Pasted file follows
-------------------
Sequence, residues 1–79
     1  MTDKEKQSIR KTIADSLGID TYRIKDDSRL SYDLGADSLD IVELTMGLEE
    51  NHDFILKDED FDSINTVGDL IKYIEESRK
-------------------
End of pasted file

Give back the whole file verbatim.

Sequence, residues 1–79
     1  MTDKEKQSIR KTIADSLGID TYRIKDDSRL SYDLGADSLD IVELTMGLEE
    51  NHDFILKDED FDSINTVGDL IKYIEESRK